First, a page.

By Aaron Reiss
By Angelica Leicht
By Dianna Wray
By Aaron Reiss
By Camilo Smith
By Craig Malisow
By Jeff Balke
By Angelica Leicht
A new government body composed of political insiders and window-dressing appointees is given the job of spending $180 million from taxpayers on a $250-million baseball stadium with a gimmicky retractable roof.
There won't be any bidding process: The architects and the companies constructing the facility were handpicked by the tenant and local politicians. That tenant is a whiny, woe-is-me multimillionaire who has ratcheted up his demands whenever the mood hits him. The government body's chairman is a thin-skinned Aggie who makes even his allies wince with his combative attitude.
Just about every major politico and influential big-business type has endorsed the project, leaving opponents marginalized to the status of those easily ignored speakers who spout their three minutes' worth at City Council meetings.
And one more thing: The project is hurtling ahead at a balls-to-the-wall pace, without final construction plans, without a proper budget, without a set financial plan for selling bonds.
Hey, what could possibly go wrong?
Maybe nothing. Maybe the 13 members of the Harris CountyHouston Sports Authority can indeed successfully shepherd the construction of what could be $650 million or so in new sports facilities.
Then again, if a recent week in the life of the board is any indication, the taxpayers could be in for a wild ride.
Wednesday, October 30 -- Groundbreakings for huge entertainment complexes don't get much more unfestive than the rites this day marking the alleged beginning of construction of the Ballpark at Union Station.
For one thing, there seem to be more bad omens than there are ordinary people taking part. In terms of the regular public, it's safe to say the powers-that-be didn't entertain high expectations: The area surrounding the dais has been strategically blocked off to create just enough space among the deserted downtown blocks to make it seem packed with the few hundred people present, almost all of whom look like they've been ordered to be here.
The weather, even with November only two days away, is muggy and oppressive enough that attendees doff jackets and retreat for the tents whenever the sun pokes through the clouds --not a good sign for boosters who claim the stadium roof could be open for 65 percent of the games.
Although golden shovels and hardhats are gleaming on a table, the ceremony is going forward with almost none of the basic requirements most reasonable people would want in place before building a strip shopping center, much less a $250-million ballpark with an experimental retractable roof: There are no construction plans ready; there is nothing approaching a lease agreement between the local government and the proposed main tenant, the Houston Astros; there is no way to sell bonds cheaply to finance the project, because the state attorney general could yet rule that a second referendum is necessary; and, as members of the crowd nervously crane their necks looking around, there is no Drayton McLane.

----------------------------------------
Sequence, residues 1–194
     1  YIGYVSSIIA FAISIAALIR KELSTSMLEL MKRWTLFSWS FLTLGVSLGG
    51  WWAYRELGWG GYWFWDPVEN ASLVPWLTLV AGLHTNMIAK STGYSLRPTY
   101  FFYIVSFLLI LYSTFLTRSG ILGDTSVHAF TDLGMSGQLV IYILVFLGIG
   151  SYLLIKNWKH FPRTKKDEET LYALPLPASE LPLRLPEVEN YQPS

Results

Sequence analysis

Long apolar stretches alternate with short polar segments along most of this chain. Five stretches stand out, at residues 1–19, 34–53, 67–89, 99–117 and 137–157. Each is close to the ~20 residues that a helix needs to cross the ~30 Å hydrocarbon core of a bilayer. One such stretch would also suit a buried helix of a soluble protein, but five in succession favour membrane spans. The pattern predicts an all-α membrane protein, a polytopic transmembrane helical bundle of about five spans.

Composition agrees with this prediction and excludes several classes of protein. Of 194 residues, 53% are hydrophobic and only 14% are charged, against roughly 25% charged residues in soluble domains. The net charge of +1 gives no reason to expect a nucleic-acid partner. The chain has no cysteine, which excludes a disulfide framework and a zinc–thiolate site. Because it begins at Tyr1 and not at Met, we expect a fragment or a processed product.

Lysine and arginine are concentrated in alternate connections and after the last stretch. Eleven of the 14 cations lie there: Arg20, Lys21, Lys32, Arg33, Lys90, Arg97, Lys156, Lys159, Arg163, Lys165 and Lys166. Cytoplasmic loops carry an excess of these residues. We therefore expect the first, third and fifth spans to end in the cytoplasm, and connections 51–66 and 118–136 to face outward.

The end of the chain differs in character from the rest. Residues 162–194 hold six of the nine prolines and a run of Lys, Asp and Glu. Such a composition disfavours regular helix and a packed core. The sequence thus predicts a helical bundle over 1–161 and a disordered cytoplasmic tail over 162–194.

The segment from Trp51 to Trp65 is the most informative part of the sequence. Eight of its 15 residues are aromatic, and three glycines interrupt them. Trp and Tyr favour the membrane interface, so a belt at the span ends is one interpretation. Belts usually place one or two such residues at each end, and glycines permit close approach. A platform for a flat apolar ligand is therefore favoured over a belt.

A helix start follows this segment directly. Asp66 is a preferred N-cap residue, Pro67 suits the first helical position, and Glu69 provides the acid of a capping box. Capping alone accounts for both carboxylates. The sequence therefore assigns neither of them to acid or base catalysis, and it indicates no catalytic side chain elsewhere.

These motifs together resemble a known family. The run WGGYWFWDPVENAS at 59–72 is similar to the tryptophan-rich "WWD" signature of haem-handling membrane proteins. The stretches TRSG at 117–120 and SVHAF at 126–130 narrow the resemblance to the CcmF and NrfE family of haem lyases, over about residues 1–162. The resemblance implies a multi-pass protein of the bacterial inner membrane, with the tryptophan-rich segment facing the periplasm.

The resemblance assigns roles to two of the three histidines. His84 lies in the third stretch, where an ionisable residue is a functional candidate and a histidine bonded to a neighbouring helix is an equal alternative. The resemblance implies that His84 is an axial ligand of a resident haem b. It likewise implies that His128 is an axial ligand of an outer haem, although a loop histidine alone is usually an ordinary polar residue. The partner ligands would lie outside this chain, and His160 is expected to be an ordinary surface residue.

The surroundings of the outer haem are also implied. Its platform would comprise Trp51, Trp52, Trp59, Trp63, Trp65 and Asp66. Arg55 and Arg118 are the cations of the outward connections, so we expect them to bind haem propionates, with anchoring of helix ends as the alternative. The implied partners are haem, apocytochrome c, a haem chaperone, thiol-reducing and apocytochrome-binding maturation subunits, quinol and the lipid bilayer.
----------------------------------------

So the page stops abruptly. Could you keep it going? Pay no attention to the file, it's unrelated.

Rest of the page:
McLane, the food-distribution czar who purchased the Astros five years ago with an admitted near-total ignorance of major-league baseball, had issued yet another in a seemingly endless string of public threats, letting it be known that he might not show up for the groundbreaking unless a lease agreement were signed.
As a negotiating tactic, it has all the transparency of a parent threatening to leave the toy store without his kid unless the dawdling youngster comes along immediately, but the move is typical of McLane throughout the two years that led up to this point.
The Temple businessman with the "meet you at the top" public persona told everyone who'd listen that he was losing millions on the Astros -- $20 million a year was the usual figure, accepted as gospel even though the owner wouldn't open his books. McLane had bullied local politicians and movers and shakers into becoming his marketing department, threatening to sell the team to someone who would move it to Virginia unless Houstonians bought 30,000 tickets a game, far more than the team has ever drawn.
That minimum requirement was soon increased to a demand that 35,000 tickets be purchased for each game at the Astrodome, which McLane had touted as a wonderful facility when he blocked Oilers owner Bud Adams's efforts to move his football team from the Dome, where he paid rent to McLane.
And then the problem became not only how many fannies were in the seats, but where those seats were. The Dome was (now) antiquated, McLane said; he needed a new downtown baseball stadium similar to the successful playpens recently opened in Baltimore, Denver and Cleveland.
Throughout the longshot referendum campaign to get voter approval, throughout the ensuing battles to get the Legislature to sign on to the deal, McLane continued to issue threats that the team would have to leave unless things went his way and ground was broken on the new facility by November 1, 1997.
And now that such a groundbreaking was set, McLane was threatening to boycott the ceremony.
Other members of the Astros family are on hand -- manager Larry Dierker, looking gangsterish in slicked hair and a shiny suit; broadcaster Milo Hamilton, looking fresh from the retirement home in his best Sansabelt slacks and brown plaid sports jacket. Superstar Jeff Bagwell paces about, seemingly sullen and impatient at having his honeymoon interrupted.